Best Value Procurement: Shall The Philadelphia Home Rule Charter be amended to allow for the award of certain contracts based on best value to the City?
Community Reinvestment Commission: Shall The Philadelphia Home Rule Charter be amended to provide for the creation of a Philadelphia Community Reinvestment Commission to be charged with recommending coordinated community reinvestment strategies for the City of Philadelphia by identifying opportunities for public, private, and philanthropic entities to collaborate and leverage their resources for the public good?
STATEWIDE, registered Democrats and Republicans throughout Pennsylvania will choose their parties’ candidates for 1 seat on Pennsylvania’s Supreme Court, 4 seats on Pennsylvania’s Superior Court, and 2 seats on Pennsylvania’s Commonwealth Court.
For Supreme Court, Democratic candidate Dwayne Woodruff is up against Republican candidate Sallie Updyke Mundy.
For Superior Court, the Democrats are Bill Caye, Debra Kunselman, Maria McLaughlin, Geoffrey Moulton Jr., and Carolyn Nichols; and the Republicans are Emil Giordano, Wade Kagarise, Mary Murray, Paula Patrick, and Craig Stedman.
For Commonwealth Court, the Democrats are Bryan Barbin, Timothy Barry, Ellen Ceisler, Irene McLaughlin Clark, Joseph Cosgrove, and Todd Eagan; and the Republicans are Christine Fizzano Cannon and Paul Lally.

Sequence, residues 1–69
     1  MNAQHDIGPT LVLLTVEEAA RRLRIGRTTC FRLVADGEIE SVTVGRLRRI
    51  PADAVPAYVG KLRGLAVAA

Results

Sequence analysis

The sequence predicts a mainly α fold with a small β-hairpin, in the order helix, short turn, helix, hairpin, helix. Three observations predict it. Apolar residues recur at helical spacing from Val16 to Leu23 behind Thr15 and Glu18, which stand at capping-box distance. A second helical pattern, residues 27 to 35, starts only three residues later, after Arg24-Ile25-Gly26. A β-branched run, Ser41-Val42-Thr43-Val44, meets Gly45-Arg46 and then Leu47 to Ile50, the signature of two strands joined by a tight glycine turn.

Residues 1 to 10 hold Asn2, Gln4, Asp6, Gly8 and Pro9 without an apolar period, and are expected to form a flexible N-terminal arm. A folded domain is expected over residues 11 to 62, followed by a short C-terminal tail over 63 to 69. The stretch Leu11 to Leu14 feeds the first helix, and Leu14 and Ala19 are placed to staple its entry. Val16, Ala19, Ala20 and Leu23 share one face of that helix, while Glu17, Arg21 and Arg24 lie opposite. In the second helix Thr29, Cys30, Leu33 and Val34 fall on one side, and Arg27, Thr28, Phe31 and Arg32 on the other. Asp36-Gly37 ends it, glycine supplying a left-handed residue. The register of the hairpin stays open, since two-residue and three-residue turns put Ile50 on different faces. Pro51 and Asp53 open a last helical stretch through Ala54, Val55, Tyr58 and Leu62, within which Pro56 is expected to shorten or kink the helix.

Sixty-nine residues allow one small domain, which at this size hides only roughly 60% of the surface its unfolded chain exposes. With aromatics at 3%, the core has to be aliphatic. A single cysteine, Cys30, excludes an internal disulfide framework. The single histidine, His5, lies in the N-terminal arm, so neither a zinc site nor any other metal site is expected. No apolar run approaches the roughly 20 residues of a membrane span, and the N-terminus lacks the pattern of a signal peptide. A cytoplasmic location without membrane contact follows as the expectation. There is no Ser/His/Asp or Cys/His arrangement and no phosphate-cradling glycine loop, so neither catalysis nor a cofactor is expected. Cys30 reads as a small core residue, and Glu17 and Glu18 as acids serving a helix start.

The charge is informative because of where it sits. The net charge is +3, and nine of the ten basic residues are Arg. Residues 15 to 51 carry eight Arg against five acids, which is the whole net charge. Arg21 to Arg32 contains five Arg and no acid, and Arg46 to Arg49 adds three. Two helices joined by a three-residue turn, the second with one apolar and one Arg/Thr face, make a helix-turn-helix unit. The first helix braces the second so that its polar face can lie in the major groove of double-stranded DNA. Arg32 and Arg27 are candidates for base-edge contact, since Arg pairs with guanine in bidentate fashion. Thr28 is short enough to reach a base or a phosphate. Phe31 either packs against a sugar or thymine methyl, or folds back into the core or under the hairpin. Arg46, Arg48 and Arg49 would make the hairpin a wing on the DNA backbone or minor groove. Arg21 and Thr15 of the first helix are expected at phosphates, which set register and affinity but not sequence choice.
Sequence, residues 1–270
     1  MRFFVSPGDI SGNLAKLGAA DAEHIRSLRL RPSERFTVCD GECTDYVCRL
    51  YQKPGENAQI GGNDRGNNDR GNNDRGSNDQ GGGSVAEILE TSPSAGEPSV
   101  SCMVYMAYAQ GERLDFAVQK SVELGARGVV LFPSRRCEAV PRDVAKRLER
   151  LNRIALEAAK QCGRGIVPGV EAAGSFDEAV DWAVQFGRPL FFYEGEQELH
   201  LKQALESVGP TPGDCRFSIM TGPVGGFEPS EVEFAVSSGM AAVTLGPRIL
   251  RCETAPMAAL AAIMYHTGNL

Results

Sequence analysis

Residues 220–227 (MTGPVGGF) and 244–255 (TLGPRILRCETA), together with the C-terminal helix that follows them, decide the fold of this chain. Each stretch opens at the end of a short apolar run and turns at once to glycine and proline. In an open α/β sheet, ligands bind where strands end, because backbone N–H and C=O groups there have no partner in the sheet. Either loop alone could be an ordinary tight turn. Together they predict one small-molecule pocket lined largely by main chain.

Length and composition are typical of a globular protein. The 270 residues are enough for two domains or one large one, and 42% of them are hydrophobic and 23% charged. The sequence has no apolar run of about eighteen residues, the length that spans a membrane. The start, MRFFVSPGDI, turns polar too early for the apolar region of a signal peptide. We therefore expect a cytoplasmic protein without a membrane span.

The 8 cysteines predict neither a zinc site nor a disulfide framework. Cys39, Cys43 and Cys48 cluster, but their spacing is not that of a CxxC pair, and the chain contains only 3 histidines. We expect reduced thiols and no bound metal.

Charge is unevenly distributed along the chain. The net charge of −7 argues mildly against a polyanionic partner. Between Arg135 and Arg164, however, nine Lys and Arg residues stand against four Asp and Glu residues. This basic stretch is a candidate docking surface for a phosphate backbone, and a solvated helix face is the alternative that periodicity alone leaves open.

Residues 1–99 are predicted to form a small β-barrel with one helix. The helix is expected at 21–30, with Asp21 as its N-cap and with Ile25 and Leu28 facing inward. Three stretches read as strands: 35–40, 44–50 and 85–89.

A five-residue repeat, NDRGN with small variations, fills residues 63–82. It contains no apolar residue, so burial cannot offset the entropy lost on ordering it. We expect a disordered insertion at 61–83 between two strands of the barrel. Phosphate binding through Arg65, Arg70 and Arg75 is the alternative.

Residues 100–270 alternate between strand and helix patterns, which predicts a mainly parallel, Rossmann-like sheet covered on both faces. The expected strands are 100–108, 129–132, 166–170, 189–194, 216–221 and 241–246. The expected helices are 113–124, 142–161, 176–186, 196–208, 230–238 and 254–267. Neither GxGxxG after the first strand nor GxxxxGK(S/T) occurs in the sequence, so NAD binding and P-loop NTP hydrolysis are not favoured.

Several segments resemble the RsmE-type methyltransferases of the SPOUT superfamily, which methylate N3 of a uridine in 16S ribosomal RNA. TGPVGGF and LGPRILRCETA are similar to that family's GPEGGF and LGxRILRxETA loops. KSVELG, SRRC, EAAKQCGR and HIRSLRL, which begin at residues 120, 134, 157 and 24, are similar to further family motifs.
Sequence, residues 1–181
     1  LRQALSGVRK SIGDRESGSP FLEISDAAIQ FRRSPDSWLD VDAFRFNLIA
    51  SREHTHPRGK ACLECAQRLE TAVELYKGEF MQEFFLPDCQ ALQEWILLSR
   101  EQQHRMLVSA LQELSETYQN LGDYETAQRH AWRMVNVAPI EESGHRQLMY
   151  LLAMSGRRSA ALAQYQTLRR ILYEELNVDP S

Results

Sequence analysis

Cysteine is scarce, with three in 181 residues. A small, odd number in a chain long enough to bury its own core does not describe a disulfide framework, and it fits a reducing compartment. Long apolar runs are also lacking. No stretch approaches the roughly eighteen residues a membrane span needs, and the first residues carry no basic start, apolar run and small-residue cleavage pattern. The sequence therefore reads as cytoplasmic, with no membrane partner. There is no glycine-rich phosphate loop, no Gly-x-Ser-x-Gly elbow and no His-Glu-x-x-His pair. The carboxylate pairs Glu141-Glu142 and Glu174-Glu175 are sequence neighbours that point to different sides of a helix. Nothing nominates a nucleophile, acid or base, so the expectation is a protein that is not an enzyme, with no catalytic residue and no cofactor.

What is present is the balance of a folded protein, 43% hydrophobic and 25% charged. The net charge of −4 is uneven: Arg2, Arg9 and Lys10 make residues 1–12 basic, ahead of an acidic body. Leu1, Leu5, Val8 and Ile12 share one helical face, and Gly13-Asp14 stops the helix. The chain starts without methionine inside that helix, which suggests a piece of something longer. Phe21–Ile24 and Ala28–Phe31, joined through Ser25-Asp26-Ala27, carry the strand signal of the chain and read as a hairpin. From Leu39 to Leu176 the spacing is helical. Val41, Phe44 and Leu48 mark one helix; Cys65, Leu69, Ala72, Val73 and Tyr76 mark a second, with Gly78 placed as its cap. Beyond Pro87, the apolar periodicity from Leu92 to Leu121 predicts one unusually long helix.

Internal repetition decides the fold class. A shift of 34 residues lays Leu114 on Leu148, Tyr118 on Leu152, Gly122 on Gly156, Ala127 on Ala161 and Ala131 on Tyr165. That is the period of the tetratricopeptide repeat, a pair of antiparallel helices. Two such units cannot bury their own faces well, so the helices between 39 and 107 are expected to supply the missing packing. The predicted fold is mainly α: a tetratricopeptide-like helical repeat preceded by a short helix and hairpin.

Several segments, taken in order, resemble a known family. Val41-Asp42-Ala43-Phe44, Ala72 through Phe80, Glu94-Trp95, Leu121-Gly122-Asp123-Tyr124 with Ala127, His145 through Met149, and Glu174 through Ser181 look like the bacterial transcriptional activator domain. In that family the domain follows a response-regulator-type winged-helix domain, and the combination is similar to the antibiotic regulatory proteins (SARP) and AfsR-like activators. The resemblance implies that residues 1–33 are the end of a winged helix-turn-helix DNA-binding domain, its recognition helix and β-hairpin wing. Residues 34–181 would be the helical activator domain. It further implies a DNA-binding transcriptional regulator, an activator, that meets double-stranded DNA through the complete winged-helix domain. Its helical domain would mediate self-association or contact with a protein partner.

PHILADELPHIA ELECTION BOARD OFFICIALS are the poll workers at your local polling place. According to the Committee of Seventy, there are 1,686 voting divisions in Philadelphia, each staffed with a five-member Election Board, but only three of these positions are elected: the Judge of Elections and two Inspectors of Election. The fourth and fifth Election Board members – the Clerk and Machine Inspector – are both appointed. Click here for more details on those positions.
The Committee of Seventy urges voters to review candidates and ballot questions before heading to the polls. Click here to try Seventy's new Ballot Tool to build and share your ballot ahead of Election Day. The platform is powered by BallotReady's CivicEngine, a new resource for nonpartisan voter information.